BC Partners ramping up for next fundraising

BC Partners is in pre-marketing mode for its ninth fundraising, which is likely to be in full swing by the middle of next year.

A spokesperson for the firm declined to comment on a target size. The firm raised over €5.5bn for its eight fund, BC European Capital VIII, in 2005, which at the time made it the largest European buyout fund. Raised in less than five months, the fund was heavily oversubscribed. Investors in previous funds supplied 90% of the capital.

In anticipation of the fundraising, the firm has ramped up its investor relations capabilities to create a seven-strong team. Most recently, Laura Coquis and Laurent Donin de Rosiere joined the firm. They report to Charlie Bott, who joined the BC investor relations team earlier this year and will be replacing Kevin O’Donohue as head of investor relations when he retires at the end of this year. Coquis joined from Atlantic-Pacific Capital where she was a principal in fund formation advisory and project management, responsible for designing and implementing private equity fundraising strategies. De Rosiere joined from Citigroup where he was a director in the Citi Alternatives Distribution Group, focusing on investor relationships in Europe.

Established in 1986, BC Partners has backed over 70 companies in the European buyout market with a total enterprise value of €66bn. The firm has offices throughout Europe and also in New York.

According to a BC Partners spokesperson, BC European Capital VIII is approximately 70% committed, with a current value of 1.2X invested capital, and two limited partners that spoke to EVCJ said the BC Partners portfolio looks to be in good shape. The fund’s most recent deal, the US acquisition of STI from Riverside and Primus Capital was announced last month. Dallas-headquartered ATI operates 24 career training centers located in Texas, Florida, Oklahoma, Arizona and New Mexico serving 15,000 students.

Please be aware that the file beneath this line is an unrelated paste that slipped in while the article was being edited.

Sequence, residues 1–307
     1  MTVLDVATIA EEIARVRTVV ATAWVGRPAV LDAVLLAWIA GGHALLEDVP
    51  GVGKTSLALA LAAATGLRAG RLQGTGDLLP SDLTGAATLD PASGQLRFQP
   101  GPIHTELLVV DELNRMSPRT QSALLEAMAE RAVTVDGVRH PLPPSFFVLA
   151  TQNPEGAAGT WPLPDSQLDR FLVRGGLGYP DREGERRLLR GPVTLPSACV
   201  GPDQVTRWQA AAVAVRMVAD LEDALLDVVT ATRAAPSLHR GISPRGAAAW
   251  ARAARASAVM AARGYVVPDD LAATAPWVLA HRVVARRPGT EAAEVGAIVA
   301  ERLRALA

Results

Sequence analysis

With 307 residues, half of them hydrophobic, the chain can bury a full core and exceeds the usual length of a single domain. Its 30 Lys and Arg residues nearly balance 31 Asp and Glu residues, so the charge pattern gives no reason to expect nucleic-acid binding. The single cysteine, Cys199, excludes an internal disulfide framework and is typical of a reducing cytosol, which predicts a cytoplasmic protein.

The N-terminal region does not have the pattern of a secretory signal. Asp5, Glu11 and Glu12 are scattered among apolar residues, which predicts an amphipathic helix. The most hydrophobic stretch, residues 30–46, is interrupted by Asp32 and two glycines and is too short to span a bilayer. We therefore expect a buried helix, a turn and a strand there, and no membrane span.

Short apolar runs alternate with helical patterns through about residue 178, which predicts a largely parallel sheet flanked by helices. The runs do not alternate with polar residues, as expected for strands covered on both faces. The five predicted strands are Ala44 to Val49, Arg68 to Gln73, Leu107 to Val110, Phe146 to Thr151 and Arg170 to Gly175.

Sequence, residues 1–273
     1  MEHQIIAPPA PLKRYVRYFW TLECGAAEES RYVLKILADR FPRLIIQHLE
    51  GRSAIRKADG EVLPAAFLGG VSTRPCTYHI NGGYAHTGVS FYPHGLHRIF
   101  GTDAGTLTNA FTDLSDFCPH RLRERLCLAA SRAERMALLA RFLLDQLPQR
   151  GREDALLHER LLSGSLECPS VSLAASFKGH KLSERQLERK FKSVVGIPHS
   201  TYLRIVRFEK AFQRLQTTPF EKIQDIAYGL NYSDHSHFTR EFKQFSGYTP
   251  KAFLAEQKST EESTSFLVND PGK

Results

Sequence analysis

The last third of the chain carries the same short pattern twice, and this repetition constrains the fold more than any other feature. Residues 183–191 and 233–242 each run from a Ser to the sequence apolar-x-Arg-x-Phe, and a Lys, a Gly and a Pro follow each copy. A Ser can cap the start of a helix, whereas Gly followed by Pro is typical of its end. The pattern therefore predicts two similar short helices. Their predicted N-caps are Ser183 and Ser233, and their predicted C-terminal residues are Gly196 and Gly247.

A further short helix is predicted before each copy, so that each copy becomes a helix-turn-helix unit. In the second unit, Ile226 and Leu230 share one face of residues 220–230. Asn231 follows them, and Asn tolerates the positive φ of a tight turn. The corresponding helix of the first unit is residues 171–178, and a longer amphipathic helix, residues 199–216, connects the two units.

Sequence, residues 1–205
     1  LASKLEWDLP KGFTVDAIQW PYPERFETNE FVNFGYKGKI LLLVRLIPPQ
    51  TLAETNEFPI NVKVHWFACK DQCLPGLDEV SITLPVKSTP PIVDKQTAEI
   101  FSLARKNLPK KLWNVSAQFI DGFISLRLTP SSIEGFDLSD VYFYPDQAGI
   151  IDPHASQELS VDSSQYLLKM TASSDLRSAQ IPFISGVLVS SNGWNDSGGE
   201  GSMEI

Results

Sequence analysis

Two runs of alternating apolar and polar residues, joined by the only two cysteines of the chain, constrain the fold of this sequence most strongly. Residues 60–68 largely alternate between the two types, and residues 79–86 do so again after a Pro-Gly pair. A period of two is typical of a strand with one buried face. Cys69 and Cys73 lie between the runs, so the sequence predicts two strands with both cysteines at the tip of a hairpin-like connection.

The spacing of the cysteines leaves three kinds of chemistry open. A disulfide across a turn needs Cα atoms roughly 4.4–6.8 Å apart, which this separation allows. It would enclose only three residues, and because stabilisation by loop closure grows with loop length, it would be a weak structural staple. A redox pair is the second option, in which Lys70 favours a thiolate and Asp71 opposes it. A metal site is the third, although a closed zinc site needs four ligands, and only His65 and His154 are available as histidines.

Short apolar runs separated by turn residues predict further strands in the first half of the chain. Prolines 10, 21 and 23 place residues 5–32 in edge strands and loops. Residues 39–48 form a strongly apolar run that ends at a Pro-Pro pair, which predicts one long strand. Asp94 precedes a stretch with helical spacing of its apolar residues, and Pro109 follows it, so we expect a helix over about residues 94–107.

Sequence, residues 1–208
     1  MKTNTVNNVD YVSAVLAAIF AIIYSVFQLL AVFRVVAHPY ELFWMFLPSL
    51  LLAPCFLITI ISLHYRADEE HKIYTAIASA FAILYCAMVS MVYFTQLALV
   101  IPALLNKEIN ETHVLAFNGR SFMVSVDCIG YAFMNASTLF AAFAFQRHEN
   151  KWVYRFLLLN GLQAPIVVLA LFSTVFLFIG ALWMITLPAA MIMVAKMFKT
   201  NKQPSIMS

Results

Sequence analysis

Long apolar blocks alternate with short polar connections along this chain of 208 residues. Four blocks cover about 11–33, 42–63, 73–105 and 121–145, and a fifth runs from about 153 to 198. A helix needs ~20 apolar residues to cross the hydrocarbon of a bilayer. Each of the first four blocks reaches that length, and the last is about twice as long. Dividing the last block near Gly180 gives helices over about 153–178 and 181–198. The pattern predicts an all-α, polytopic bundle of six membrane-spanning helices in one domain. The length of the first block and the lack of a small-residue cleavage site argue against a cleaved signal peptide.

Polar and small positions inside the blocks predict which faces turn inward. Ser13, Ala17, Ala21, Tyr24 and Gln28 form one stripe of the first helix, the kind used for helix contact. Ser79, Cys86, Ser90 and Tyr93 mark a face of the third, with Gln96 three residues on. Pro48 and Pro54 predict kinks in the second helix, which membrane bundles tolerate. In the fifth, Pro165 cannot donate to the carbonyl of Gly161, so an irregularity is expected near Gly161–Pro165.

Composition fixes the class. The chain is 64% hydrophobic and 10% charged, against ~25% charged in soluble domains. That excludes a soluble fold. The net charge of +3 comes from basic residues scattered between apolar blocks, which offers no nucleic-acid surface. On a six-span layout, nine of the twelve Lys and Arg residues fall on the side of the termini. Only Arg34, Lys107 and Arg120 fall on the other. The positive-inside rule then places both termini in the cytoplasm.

Still, BC Partners may not have quite as easy a time fundraising this time round. Last year, the firm lost its chairman, Jens Reidel, who had been with the firm since 1992. He was replaced by co-chairs Francesco Loredan, who is based in Geneva, and New York-based Raymond Svider.

According to one investor, BC Partners has also in the past relied on some big-ticket investors, who this time may not re-up. And so in addition to tough market conditions the team may have the added complexity of attracting a new investor base to the fund.

This may be a challenge others going out to fundraise may also face, according to Coller Capital’s latest Global Private Equity Barometer Winter 2009-2010, which reveals over three quarters of the 108 limited partners surveyed will refuse re-ups for new funds in 2010 due to concerns about inadequate GP reporting, fund terms and conditions and perceived conflicts of interest.

A sure sign that a buyout fund is about to embark on a fundraising is a spate of disposals and BC Partners has certainly made a mark with the recent announcement of its sale of Unitymedia, reportedly the largest private equity exit in Europe this year. International cable operator Liberty Global has agreed to buy Unitymedia for US$3bn.

Unitymedia was bought for €1.5bn in 2003. BC Partners owns about 35% of Unitymedia and Apollo owns 31%, with smaller stakes held by various funds and company managers.

BC Partners is also looking to float three of its top-performing companies, global travel booking firm Amadeus, German chemical distributor Brenntag and Italian care home provider Medica.

According to data provided by Thomson Reuters, past performance should stand the firm in good stead on this fundraising with both the 1998 vintage BC European Capital VI and 2000 vintage BC European Capital VII achieving investment multiples of 2.73 and 2.07 respectively.